This is in reference to the editorial “Monetising that gold” (May 21). It is a welcome step by the government to curb the import of gold, and simultaneously reduce the burden on the current account deficit. Offering a little higher rate of interest and proposing a reduction in the minimum deposit of gold, from 500 g to 30 g, would to some extent make the scheme attractive, but some vital points are yet to be clarified with full transparency, and this needs to be addressed as well. First, the government must look for adequately compensating the gold depositors for the loss of making charges that they incur while getting their gold jewellery melted, as a sizeable chunk of gold stock with households is in the shape of ornaments. Second, the maturity period of gold deposits should be more or less in line with the various maturity buckets of the normal fixed deposits of banks. The rate of interest needs to be attractive and should vary according to the tenure of the deposit. Third, the various tax laws applicable to the source of income for the acquired stock of gold, and the proceeds of the redemption, need more clarity and transparency as well as assurance from the government that no harassment would come from the taxman. Fourth, the compliance of the KYC shouldn’t in any way become a hurdle for the depositors. Fifth, the government should look at enacting laws, without hurting religious sentiments, to push religious institutions and trusts to deposit the gold stocks that they hold, even those that have been donated by devotees, but other than those used to in the performing of the religious rites. Last, but not the least, the government needs to make the scheme more attractive and safe to get the desired results, as people will hesitate to part with their gold jewellery that they have inherited from forefathers due to reasons of sentiment.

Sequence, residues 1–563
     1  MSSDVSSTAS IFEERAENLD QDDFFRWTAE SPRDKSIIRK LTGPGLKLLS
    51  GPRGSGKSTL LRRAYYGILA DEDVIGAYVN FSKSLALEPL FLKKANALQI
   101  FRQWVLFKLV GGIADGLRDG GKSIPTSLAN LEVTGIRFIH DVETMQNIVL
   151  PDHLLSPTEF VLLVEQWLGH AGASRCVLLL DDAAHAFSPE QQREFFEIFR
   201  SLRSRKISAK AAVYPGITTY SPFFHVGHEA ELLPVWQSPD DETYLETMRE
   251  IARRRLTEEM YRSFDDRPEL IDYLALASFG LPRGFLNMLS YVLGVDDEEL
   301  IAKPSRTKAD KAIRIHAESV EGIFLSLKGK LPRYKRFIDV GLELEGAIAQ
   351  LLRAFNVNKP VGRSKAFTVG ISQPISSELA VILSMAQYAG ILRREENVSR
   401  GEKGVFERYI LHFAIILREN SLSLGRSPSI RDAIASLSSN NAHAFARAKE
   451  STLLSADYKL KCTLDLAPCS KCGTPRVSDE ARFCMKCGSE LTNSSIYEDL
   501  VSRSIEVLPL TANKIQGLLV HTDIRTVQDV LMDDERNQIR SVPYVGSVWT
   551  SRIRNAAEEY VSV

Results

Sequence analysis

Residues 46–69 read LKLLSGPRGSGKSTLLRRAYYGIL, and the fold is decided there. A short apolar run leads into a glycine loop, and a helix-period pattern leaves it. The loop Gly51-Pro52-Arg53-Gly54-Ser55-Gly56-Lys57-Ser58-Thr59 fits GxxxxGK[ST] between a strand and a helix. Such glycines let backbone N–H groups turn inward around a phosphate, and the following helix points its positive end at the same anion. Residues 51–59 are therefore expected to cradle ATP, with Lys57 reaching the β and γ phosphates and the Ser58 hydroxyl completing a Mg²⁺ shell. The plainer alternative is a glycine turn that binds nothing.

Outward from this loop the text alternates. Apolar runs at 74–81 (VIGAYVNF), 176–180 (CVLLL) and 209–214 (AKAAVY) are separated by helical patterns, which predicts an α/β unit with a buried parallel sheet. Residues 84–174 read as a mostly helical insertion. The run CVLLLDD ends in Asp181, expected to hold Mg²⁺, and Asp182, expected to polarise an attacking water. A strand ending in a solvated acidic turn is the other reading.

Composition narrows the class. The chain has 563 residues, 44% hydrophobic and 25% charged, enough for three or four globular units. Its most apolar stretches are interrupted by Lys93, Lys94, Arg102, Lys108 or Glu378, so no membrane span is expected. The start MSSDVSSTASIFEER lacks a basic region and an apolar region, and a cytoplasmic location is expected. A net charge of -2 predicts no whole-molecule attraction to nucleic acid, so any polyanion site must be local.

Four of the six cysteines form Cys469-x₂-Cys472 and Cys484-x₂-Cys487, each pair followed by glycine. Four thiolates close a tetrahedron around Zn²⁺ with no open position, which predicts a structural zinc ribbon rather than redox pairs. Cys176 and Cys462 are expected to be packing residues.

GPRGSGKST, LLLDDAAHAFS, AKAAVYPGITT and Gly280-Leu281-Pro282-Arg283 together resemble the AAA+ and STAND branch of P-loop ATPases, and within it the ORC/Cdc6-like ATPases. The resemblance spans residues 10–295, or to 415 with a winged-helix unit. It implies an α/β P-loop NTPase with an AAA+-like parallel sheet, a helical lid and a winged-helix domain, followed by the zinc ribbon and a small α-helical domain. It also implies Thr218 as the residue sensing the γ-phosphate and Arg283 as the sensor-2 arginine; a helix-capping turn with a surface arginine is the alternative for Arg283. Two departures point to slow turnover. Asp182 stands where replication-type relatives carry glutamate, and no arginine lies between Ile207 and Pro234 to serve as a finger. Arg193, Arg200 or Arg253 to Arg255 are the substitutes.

AAP is Delhi’s scourge
By electing the AAP to power for next 5 years, the people of Delhi seem to have committed a blunder which is now impossible to correct. The AAP has now started showing its true colours. It appears to behave like a kindergarten class, where the children have suddenly acquired the big responsibility of running their own school. It is no surprise that they have created a mess and their CM is aimlessly firing shots in all directions without caring about the victims. The kind of immaturity and insensitivity it has shown to the public and the utter disrespect it has exhibited to the Constitution of India in the recent events are really mind-blowing. By the time, the people of Delhi awake from this nightmare, they may find themselves back in time by a few years. It is high time that an independent committee conducts a survey on the functioning of the AAP and submits its report to the President of India. The stakes are very high and the capital of a promising country like India should not be allowed to be converted into the stage for a circus. If required, the President should immediately initiate fire-fighting to prevent further spread of the AAP-lit fire.
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